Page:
With America’s central bank sounding more likely to cut short-term interest rates, John Stepek looks at how it affects the charts that matter most to the global economy.
It's easy to become confused about bonds – the term covers a wide range of financial products. Here, Ed Bowsher explains the main types of bond.
In this video, Ed takes a look at UK government bonds – how they work, why they are important, and whether you should invest in them.
Bond fund managers tend to beat their benchmarks more often than equity fund managers. But that doesn’t mean they’re all geniuses. John Stepek explains what’s behind the outperformance, and what it means for investors.
US economic growth absolutely hammered expectations for the first quarter. John Stepek looks at what that means to the charts that matter the most to the global economy.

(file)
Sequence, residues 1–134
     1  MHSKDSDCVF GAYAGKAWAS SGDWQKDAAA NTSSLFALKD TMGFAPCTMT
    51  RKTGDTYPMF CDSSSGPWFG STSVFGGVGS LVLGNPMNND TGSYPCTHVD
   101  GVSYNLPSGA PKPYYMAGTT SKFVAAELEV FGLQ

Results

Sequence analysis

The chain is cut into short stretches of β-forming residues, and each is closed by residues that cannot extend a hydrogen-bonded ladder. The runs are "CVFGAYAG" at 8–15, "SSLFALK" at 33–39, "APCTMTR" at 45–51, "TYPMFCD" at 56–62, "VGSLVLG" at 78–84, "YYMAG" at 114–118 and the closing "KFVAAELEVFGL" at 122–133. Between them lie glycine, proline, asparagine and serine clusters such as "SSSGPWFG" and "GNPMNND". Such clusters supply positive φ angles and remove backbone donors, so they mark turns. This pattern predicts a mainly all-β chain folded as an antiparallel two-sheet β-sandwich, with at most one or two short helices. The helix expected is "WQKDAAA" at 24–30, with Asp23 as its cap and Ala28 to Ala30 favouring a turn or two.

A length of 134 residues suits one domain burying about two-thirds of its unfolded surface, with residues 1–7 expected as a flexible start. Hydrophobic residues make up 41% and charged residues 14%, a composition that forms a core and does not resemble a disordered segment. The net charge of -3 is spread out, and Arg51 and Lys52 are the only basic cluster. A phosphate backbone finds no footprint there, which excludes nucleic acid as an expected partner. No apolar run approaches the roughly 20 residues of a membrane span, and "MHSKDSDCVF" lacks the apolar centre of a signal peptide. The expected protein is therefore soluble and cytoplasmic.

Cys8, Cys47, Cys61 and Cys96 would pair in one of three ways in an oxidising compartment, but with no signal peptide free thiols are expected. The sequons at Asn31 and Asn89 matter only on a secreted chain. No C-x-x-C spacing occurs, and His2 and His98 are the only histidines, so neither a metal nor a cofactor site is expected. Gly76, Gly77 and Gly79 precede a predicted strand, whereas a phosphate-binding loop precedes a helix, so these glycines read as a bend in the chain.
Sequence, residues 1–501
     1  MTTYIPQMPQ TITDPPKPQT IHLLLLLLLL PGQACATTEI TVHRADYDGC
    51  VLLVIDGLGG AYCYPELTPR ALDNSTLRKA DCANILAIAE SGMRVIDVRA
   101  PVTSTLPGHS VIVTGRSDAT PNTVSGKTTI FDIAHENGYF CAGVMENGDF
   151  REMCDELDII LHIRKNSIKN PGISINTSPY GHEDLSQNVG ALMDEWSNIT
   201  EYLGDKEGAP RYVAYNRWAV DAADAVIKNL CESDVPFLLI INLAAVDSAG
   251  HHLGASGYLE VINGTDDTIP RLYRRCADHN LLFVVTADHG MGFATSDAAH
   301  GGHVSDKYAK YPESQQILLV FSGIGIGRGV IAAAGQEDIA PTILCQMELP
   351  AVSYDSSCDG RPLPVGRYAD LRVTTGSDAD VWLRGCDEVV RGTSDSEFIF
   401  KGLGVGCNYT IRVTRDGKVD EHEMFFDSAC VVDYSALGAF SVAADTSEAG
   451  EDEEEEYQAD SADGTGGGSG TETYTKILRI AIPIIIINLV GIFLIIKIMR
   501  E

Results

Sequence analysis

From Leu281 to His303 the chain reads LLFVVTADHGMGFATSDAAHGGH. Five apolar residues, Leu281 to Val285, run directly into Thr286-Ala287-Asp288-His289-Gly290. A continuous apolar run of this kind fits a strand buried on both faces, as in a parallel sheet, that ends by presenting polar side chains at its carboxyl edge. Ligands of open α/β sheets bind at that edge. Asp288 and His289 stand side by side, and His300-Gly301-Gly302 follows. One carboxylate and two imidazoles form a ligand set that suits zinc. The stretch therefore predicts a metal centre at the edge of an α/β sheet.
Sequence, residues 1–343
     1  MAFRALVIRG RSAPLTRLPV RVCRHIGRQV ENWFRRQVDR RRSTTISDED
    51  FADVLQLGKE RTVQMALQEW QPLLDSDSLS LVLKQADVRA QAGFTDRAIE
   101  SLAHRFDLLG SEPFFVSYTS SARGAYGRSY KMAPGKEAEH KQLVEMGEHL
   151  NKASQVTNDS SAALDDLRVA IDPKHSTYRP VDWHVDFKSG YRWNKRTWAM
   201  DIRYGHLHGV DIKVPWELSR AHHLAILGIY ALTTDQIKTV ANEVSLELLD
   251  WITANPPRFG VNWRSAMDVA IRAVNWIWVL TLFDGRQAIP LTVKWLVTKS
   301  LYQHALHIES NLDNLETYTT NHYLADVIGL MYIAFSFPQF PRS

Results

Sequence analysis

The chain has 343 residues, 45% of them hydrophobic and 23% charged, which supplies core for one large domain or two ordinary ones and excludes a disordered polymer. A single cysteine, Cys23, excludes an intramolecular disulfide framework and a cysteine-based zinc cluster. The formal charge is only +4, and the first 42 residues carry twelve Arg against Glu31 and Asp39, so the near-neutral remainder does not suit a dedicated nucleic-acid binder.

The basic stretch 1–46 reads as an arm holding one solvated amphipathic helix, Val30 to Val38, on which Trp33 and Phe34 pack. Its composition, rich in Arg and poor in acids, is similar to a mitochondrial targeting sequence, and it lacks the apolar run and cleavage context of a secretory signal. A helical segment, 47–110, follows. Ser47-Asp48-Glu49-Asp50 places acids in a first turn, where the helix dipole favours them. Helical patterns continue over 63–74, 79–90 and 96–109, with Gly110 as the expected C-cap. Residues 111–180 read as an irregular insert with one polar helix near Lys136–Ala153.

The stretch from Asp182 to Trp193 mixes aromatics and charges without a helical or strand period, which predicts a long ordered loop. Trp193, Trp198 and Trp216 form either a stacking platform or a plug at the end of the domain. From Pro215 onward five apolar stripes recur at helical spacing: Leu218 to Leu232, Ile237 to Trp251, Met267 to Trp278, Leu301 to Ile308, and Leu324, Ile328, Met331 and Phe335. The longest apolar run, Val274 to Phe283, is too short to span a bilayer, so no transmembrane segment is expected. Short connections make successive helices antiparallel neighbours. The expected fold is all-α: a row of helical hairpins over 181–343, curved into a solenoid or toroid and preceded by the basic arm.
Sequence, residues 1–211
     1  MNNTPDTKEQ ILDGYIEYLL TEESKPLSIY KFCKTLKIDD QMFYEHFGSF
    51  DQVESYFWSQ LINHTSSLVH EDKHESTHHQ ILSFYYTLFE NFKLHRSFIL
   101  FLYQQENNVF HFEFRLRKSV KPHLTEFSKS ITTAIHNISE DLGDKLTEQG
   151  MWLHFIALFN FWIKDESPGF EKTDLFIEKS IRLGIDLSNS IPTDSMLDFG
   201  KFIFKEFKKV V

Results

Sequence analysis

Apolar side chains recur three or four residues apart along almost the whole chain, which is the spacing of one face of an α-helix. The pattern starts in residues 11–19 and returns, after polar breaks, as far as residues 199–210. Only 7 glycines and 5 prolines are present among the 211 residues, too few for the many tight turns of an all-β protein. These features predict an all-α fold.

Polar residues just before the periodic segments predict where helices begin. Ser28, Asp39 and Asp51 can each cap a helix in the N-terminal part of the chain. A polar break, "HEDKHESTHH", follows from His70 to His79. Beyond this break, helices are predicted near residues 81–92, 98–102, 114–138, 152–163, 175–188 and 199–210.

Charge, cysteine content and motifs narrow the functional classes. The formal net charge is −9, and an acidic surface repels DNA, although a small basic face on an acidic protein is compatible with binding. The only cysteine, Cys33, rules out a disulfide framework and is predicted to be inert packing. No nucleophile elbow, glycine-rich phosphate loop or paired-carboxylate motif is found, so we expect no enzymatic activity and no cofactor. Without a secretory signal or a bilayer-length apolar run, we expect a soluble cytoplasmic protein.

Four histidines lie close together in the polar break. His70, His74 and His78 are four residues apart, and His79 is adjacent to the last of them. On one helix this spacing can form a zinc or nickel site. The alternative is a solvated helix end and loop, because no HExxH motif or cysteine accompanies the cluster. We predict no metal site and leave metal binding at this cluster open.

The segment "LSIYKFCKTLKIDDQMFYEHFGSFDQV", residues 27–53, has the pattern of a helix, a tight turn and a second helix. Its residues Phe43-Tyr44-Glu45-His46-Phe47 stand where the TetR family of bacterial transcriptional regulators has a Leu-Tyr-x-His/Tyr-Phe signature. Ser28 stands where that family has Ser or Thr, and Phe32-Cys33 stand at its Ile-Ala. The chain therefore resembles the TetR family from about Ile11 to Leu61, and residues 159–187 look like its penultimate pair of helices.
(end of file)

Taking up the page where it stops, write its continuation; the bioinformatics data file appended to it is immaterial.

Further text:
The yield on the five-year Greek government bond has slipped beneath its US counterpart. For a country that has borrowed too much since its foundation to be considered a better credit risk than Uncle Sam seems absurd.
No matter how ramshackle or indebted the country, buying its bonds is rarely a bad idea, says Matthew Lynn.
The four-week moving average of weekly US jobless claims fell to 207,000, the lowest level in nearly 50 years. John Stepek looks at the chart as well as all of the others that matter most to investors.
That Saudi Arabian oil giant Saudi Aramco was able to borrow so cheaply on the markets is odd, says John Stepek.
An inverted yield curve usually means a recession lies ahead. Is this time different? And does it matter? John Stepek explains.
With the “yield curve” bouncing back nicely, does that mean the risk of a recession is receding? To find out, John Stepek looks to the charts that matter most to the global economy.
As US unemployment falls again, John Stepek looks at what it means for the markets and the global economy, plus a rundown of the rest of the charts that matter the most.
Markets have been spooked by the inversion of the US bond yield curve, which often – but not always – heralds a recession.